By Ellen McCarthy
Washington Post Staff Writer
Friday, June 27, 2008
Jeremy Skidmore didn't intend to stick around Washington too long and certainly never imagined becoming a fixture.
But in the hours before the lights go up on the first of 38 new works he curated for the Source Festival, a Washington theater event he helped revive, the producer looks a tad sleep-deprived and profoundly at home.
"It's been very fun, very fascinating," the 31-year-old says, leaning back in a second-story meeting room at the newly renovated 14th Street NW theater.
The festival, beloved for its ability to unite artists from the local theater community, ran for 25 years before the Source Theatre Company folded under financial pressure. The last festival was in 2004. When the District's Cultural Development Corp. bought the building in 2006, people immediately began asking about plans for the festival, recalls the group's executive director, Anne Corbett.
What they needed in a producer, Corbett says, "was an electric personality that people just love to make art with." They found one.
Skidmore, a North Carolina native, arrived in Washington in 2001 to be the assistant director for a production at the Folger Theatre. Then the scrappy H Street NE company, Theater Alliance, asked him to direct one of its shows. Then it asked him to take over completely.
"Within two months of me deciding to stay, I had inherited a theater and a company," he recalls. "I was 24."
In the next six years at Theater Alliance, he garnered critical praise and a great deal of respect and affection within the industry. "He's sort of a pied piper," Corbett says. "He calls out and people come running. They crave working with him."
Skidmore left the company a year ago, intending to refocus on the art, rather than on the management, of theater. He has directed shows at Keegan Theatre, the University of Maryland and Olney Theatre Center while bringing the Source Festival back to life.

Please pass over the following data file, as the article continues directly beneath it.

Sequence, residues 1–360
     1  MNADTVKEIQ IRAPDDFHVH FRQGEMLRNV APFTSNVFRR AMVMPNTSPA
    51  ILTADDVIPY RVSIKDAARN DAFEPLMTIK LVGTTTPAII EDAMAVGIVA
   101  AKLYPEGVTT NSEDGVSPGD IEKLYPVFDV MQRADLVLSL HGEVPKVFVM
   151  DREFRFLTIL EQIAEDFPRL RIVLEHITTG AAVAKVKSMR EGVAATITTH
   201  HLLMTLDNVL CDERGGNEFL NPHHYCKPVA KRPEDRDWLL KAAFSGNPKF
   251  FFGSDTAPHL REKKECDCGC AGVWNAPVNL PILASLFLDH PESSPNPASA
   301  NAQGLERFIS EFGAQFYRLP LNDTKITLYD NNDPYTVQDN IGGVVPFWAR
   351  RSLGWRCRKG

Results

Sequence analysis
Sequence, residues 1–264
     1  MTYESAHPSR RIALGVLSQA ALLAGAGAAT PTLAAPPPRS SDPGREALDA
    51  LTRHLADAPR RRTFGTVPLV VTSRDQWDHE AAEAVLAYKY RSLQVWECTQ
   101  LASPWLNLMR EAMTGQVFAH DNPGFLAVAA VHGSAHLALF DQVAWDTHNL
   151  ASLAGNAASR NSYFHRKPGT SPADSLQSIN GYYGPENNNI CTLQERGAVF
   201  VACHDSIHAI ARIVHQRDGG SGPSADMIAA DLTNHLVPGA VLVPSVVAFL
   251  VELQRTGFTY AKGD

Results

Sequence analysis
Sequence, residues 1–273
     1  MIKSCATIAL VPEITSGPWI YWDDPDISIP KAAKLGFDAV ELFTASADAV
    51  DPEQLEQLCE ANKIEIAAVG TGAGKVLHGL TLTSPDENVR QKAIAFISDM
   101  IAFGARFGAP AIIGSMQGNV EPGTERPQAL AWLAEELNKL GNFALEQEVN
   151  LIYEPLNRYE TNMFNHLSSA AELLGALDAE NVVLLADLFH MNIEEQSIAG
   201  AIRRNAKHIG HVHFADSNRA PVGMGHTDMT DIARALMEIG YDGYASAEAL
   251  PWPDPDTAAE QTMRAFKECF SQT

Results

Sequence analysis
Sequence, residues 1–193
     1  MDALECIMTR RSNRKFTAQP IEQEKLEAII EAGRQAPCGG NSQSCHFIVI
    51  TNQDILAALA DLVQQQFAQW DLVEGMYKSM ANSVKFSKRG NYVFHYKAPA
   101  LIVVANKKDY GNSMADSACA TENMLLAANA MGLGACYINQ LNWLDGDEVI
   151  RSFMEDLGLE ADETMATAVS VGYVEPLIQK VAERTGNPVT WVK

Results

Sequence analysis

"I wanted to honor, as much as possible, the way it used to be, but also update it," he says of his vision for the three-week theater fest. "What evolved was the desire to connect artists who don't typically have an avenue to connect."
The core of the festival has always been original 10-minute plays, to which Skidmore added meatier one-act plays and experimental "mash-ups," productions that paired artists from different disciplines (burlesque and spoken-word poetry, for instance) and gave them three months to collaborate on a 15- to 30-minute piece.
He also recruited Washington's top directors, including Michael Kahn of the Shakespeare Theatre Company, Eric Schaeffer of Signature Theatre and Joy Zinoman of Studio Theatre, to shepherd productions for the festival.
"At least symbolically they put down their own organizations and come together to work as individuals with people they've never had the opportunity to connect with before," Skidmore says. "I'm very excited to give them the opportunity to do something they don't usually do . . . and to introduce new writers, new actors."